These reefs are havens for biodiversity in the sea. Many coastal communities make
a living from them. But ifcarbon dioxideemissions continue to rise, then by the
middle of this century 98% of reef habitats will be bathed in water too acid for
the reef to grow.
Among the first to feel the effects will be Australia’s Great Barrier Reef, the world’s
largest living thing.
Chemical oceanographersKen Caldeira and Long Cao report their results in a multi-author
paper in the December 14 issue of Science. They also present them at the annual meeting
of the American Geophysical Union in San Francisco on the same date.
The work is based on computer simulations of ocean chemistry. The scientists looked
at the effects of different levels of carbon dioxide in the atmosphere. The levels
ranged from 280 parts per million to 5000 parts per million.
The first is the level before there were any industries in the world. The second
is much higher than the present level. That is roughly 380 ppm.
“About a third of the carbon dioxide put into the atmosphere is absorbed by the oceans,”
says Caldeira. "This helps slow greenhouse warming. But it is a major pollutant
of the oceans.”
The carbon dioxideabsorbed in the sea produces carbonic acid. This is the acid in
soft drinks that gives them their fizz. What it does in the ocean is make certain
mineralsdissolve more easily in seawater.
This is especially true for aragonite. This is the mineral used by corals and many
other marineorganisms to grow their skeletons.
Before the industrial revolution, almost all warm-water coralreefs were bathed with
open ocean waters which was 3.5 times supersaturated with aragonite, says Cao. "This
means that corals could easily extract it to build reefs.”
But if atmospheric carbon dioxide sticks at 550 ppm, no existing coralreef will
remain in such an environment. The chemical changes will affect some regions sooner
than others. At greatest risk are the Great Barrier reef and the Caribbean Sea.
Levels of carbon dioxide are rising rapidly, Cao added, and even to get them to stick
at 550 ppm would take concerted international efforts. These look very unlikely at
Carbon dioxide’s chemical effects on the ocean are pretty much independent of its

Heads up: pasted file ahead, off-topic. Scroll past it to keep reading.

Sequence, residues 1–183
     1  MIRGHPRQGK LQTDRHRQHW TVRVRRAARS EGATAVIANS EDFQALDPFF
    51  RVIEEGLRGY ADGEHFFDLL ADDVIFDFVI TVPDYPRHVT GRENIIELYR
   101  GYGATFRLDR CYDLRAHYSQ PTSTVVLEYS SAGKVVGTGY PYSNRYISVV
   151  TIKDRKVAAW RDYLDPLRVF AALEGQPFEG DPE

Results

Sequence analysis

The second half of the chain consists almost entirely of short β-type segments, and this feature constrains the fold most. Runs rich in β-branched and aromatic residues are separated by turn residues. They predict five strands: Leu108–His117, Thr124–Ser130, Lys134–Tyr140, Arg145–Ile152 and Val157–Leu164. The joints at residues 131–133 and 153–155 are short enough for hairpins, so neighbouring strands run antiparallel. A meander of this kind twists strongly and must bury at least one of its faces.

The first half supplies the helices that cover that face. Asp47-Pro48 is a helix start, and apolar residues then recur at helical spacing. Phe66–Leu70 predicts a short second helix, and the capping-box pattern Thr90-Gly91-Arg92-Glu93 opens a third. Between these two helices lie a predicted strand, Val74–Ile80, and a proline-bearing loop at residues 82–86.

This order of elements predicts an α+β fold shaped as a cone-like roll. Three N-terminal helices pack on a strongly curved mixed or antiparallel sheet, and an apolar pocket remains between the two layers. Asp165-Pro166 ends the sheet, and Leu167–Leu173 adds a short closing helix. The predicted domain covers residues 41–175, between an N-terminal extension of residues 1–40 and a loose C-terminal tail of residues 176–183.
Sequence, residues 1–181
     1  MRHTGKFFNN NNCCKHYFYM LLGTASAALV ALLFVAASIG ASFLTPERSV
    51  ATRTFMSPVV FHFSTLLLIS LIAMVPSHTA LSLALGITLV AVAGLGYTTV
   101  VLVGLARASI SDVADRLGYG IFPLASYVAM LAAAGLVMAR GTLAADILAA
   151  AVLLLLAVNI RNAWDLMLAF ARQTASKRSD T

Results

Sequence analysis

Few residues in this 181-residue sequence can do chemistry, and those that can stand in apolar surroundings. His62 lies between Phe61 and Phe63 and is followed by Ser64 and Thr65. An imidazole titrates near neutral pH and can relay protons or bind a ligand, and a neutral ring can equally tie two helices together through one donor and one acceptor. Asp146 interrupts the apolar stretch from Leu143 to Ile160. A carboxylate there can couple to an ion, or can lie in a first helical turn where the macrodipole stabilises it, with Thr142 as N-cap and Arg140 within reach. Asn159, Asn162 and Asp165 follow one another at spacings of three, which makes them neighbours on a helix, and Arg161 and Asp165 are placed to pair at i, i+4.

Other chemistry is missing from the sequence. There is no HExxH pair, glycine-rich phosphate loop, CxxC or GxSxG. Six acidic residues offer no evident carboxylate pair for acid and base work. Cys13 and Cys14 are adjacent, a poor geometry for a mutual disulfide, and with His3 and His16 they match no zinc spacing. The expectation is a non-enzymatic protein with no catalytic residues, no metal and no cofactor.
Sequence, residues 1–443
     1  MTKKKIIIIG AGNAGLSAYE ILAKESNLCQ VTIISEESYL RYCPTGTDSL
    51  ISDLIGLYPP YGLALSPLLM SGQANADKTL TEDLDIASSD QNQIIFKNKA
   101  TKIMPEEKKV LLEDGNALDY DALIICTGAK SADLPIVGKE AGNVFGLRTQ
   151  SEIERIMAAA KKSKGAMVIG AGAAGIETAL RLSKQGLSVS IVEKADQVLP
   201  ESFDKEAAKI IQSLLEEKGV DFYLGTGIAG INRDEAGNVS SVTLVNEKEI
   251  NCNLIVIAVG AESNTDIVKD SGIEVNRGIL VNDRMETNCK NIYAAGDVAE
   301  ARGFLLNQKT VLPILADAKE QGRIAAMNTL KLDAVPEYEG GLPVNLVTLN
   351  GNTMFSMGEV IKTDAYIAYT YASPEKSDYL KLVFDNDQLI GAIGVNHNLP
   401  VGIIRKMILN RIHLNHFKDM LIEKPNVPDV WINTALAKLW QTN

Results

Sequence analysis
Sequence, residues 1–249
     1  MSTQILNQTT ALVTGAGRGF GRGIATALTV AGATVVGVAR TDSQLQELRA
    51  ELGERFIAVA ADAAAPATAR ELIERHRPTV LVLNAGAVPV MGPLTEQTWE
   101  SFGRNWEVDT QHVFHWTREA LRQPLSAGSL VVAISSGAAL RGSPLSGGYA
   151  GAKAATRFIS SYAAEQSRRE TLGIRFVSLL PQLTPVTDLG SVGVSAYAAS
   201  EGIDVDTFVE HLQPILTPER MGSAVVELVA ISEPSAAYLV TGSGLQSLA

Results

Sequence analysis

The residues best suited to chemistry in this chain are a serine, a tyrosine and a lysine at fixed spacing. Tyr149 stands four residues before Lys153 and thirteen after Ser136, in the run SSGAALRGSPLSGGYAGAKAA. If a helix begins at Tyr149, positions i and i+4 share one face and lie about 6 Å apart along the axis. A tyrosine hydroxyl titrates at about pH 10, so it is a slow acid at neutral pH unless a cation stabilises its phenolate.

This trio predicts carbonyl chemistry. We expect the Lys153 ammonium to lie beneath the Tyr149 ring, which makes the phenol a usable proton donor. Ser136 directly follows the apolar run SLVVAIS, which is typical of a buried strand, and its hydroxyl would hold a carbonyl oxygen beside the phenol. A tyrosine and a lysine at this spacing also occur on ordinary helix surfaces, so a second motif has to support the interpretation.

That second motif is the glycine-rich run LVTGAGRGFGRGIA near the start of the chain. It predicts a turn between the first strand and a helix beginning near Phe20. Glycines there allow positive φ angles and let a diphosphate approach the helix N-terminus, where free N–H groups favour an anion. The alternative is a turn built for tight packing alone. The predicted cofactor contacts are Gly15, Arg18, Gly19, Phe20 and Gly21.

effects on climate. So efforts to slow global warming won't slow the acidification
of the seas, the researchers say. That is unless emissions are reduced.
In fact, the expected chemical changes in the sea may need emissions to be cut even
more than for climate alone.
“These changes come at a time when reefs are already stressed by climate change,
overfishing, and other types of pollution,” says Caldeira. “So unless we take action
soon there is a very real possibility that coralreefs - and everything that depends
on them - will not survive this century.”
Carbonic acid is quite common. Where would you normally find it?
But carbonic acid in the sea changes the chemistry of the ocean. What is one effect
When there is very little carbonic acid in the sea the waters around coral reefs
are -------------- with aragonite.
Because of this the aragonite comes out of the water easily. This makes it easy for
the coral to use it to make what?
But if carbonic acid levels in the water rise, it means aragonite dissolves more
------ in the water.
That means the water isn't so supersaturated with aragonite. So it is ------ for
the coral to get the aragonite out of the water.
At what level of carbon dioxide in the atmosphere did the computer simulations show
that no coral reef in the world would still be in highly supersaturated water?
What can you say about the chances of those levels occurring in the years ahead?
What one action will both slow global warming and slow the acidification of the
What is the worst that can happen to the reefs?
How likely do you think that is?
Explain your thinking for your last answer.
Topics for discussion, research or pupil presentations
Here some of the issues, implications and applications taken directly from the text.
Students should be encouraged to find others themselves.
These reefs are havens for biodiversity in the sea.
Many coastal communities make a living from them.
But if carbon dioxide emission continues to rise, then by the middle of this century
98% of reef habitats will be bathed in water too acid for it to grow.
But if atmospheric carbon dioxide sticks at 550 ppm, no existing coral reef will
be in waters that are so supersaturated.
Levels of carbon dioxide are rising rapidly and even to get them to stick at 550
ppm would take concerted international efforts. These look very unlikely at the moment.
Here are some possible topics for group discussion, research or presentations arising
from these. Students should be encouraged to think up others:
What does 'havens for biodiversity' mean and why is it important?
How exactly do coastal communities make a living from coral reefs?
Explore the science of this, which is not too difficult but is not particularly well
explained in the story. The image at the top of the page should help. Explain the
science to the rest of the class.
Do they look unlikely? Take a look at the latest news from the intergovernmental
panel on climate change in Bali and present what's happening there briefly to the
class. A good place to start is this BBC page, which also has a link to a nice visual demonstration
of the greenhouse effect.